Changing the sleep culture within an organization

Changing the sleep culture within an organization

Sleep is a key element in keeping a healthy and productive work-life balance, while significantly reducing healthcare utilization and costs. Organizations willing to invest in improving their employees’ sleep – gain a competitive advantage.
So, how to prioritize sleep in the workplace?

Generate a conversation about sleep

Increase sleep awareness among supervisors and employees alike, by offering educational materials on sleep and its benefits, as well as lectures and workshops surrounding sleep improvement strategies. Consider introducing sleep monitoring devices or health and sleep-related wellness programs (classic face to face programs or digital alternatives). Research shows that taking a proactive approach to sleep health within the workplace can lead to a rapid transformation and significantly reduce presenteeism and absenteeism.

Support a work-life balance, Limit work hours

Discourage excessive work-related emails and phone calls after hours to maintain a healthy separation between work and home.

Support reasonable workload and work hours

In contrast to common belief, long work hours and rotating/irregular shift schedules are linked to lower productivity, reduced sleep quantity and quality, and increased fatigue. A well-rested workforce will be more productive, efficient and satisfied than an overworked one.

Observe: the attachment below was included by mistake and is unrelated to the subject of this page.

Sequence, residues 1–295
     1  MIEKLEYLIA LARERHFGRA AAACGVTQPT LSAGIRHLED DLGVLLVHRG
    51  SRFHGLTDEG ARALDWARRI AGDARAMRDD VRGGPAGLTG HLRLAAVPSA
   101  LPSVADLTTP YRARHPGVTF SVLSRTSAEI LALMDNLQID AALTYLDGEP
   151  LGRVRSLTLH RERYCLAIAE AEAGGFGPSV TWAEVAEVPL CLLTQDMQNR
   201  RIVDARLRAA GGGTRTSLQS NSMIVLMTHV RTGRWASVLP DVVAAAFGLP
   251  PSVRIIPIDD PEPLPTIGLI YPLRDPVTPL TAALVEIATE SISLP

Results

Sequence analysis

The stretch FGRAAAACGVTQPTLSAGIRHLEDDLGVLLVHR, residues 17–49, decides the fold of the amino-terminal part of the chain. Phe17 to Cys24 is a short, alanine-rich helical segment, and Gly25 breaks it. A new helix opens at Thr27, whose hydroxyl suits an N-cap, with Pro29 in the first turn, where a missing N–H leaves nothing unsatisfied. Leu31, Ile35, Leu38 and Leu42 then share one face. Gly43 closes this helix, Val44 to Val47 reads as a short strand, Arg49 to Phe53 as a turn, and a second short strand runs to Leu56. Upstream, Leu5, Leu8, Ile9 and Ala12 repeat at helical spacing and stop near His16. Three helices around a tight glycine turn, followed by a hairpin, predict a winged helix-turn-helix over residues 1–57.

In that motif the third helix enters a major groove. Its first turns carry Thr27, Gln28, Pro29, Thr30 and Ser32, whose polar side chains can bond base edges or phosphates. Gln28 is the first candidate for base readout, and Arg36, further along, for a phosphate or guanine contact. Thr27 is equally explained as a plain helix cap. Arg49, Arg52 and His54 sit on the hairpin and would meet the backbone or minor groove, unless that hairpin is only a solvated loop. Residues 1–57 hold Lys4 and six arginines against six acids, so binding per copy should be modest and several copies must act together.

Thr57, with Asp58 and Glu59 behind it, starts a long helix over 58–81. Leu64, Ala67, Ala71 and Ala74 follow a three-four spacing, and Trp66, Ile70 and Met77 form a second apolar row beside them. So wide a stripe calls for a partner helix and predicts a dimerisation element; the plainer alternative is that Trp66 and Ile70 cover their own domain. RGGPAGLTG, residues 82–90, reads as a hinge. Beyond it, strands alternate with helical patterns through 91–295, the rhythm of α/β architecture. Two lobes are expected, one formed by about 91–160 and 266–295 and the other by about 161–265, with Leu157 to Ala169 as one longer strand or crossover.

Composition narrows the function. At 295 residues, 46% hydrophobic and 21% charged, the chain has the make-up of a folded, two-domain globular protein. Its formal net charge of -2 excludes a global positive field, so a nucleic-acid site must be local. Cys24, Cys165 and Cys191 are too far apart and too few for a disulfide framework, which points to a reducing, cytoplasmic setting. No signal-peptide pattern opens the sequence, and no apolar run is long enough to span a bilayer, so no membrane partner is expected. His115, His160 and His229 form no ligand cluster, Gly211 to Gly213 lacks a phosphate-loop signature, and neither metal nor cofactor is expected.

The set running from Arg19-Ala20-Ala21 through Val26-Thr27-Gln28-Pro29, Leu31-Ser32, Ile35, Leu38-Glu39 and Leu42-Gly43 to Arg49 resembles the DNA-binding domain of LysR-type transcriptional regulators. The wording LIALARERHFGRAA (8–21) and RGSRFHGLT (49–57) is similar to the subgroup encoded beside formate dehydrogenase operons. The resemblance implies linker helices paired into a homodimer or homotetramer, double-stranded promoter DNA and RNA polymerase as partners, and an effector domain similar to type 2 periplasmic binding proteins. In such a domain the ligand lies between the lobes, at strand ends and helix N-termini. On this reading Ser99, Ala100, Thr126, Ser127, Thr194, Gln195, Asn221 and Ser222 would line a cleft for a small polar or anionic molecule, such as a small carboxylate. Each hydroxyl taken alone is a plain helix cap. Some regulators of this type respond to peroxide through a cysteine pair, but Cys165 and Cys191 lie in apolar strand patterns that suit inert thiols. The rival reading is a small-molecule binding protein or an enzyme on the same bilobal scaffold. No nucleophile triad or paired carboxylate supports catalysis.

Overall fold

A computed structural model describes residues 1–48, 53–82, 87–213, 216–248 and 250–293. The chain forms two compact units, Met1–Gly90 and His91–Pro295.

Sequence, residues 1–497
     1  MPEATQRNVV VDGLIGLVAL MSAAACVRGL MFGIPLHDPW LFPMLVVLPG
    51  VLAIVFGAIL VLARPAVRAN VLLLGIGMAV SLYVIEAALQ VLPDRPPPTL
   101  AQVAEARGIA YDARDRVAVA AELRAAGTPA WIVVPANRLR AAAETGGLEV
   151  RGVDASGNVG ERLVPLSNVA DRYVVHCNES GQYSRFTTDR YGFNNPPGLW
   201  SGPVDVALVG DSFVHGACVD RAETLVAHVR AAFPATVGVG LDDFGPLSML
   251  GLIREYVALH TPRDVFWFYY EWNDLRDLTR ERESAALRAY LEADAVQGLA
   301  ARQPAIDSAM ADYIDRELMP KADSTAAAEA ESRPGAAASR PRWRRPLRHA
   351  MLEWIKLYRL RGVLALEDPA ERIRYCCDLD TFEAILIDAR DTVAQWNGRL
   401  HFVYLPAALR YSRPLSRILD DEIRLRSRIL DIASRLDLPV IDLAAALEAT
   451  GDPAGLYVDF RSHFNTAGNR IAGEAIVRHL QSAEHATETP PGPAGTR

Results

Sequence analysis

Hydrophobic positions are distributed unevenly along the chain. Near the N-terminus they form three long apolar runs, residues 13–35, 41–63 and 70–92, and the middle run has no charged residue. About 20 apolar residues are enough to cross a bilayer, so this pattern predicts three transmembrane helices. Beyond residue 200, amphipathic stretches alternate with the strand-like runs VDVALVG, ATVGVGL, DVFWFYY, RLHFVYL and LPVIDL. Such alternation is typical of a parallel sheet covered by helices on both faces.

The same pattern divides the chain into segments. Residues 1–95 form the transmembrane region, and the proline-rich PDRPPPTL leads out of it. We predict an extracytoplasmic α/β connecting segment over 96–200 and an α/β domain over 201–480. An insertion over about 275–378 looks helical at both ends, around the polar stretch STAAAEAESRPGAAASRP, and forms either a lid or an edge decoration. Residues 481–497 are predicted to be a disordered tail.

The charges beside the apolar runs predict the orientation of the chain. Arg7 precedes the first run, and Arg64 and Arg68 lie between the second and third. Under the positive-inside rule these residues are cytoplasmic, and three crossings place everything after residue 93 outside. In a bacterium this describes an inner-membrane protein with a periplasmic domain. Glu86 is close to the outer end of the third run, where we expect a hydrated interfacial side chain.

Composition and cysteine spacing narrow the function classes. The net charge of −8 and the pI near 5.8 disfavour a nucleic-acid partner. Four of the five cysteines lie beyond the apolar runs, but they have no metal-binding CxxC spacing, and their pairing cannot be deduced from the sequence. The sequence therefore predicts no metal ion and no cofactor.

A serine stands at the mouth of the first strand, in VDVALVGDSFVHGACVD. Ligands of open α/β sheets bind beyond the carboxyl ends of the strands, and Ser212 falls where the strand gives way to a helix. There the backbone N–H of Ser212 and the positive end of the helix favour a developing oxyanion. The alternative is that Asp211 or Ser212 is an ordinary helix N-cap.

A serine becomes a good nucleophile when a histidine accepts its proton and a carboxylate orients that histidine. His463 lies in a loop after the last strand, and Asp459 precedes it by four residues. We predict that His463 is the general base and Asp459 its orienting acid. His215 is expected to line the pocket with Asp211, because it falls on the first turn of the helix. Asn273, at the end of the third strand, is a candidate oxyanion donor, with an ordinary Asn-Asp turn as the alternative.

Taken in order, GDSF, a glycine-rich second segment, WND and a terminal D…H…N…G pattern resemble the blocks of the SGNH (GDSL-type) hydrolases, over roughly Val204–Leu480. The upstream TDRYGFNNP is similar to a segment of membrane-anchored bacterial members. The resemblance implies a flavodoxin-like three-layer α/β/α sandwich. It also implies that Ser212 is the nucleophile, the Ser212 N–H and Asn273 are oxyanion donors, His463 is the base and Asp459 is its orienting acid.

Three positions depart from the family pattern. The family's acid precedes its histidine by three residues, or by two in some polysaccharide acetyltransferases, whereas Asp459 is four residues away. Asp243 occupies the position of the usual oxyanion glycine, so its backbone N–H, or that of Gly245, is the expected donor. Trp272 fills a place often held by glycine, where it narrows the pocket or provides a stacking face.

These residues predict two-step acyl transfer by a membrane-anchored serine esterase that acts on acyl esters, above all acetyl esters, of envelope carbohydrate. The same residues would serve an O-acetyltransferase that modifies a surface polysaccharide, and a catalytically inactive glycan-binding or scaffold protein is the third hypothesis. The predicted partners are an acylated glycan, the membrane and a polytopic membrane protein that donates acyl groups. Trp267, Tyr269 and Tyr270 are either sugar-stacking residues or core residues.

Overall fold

Encourage outdoor breaks

The natural change in sunlight intensity informs the brain when it’s time to be awake and alert and when it’s time to become sleepy and ready for bed. Encouraging employees to go outdoors (e.g., on a coffee or lunch break) helps to regulate their levels of wakefulness and sleepiness in a favorable way. Additional options may include utilizing smart indoor lighting systems to improve daytime arousal levels, reduce fatigue, and boost mood.

Promote decaf beverages and snacks

Caffeine is a stimulant that typically remains in the body for 3-5 hours. Consuming more than 400 mg of caffeinated drinks a day (approx. 2-3 cups of coffee) or during the evening hours can disrupt one’s sleep. Therefore, reducing the amount of caffeine consumption would be a welcomed change.

Promote physical activity

Exercise has been repeatedly linked with increased sleep efficiency and duration. Some organizations are now offering on-site activities such as yoga or even a gym to help their employees promote a healthier lifestyle (including better sleep).

Offer flexible work times

When possible, offer flexible work times. This will enable employees to work when they are most focused and productive, depending on their natural circadian rhythm (i.e., morning persons vs night owls).

Encourage sleep disorder screening

Support screening and evaluation of sleep disorders via employees’ health insurance plans; make them aware of it and consider treatment options. Improving sleep may lead to better job performance (e.g., fewer mistakes and better decision making) and reduced healthcare utilization.

Recognize shared responsibility

It’s important to understand that making sleep a priority is a shared responsibility, with employers making active efforts to promote and enable healthy sleep in their workforce, and employees committing to adopt better sleep practices and behaviors.

The dayzz solution

Take the first step to changing the sleep culture in your organization by implementing the dayzz sleep solution.

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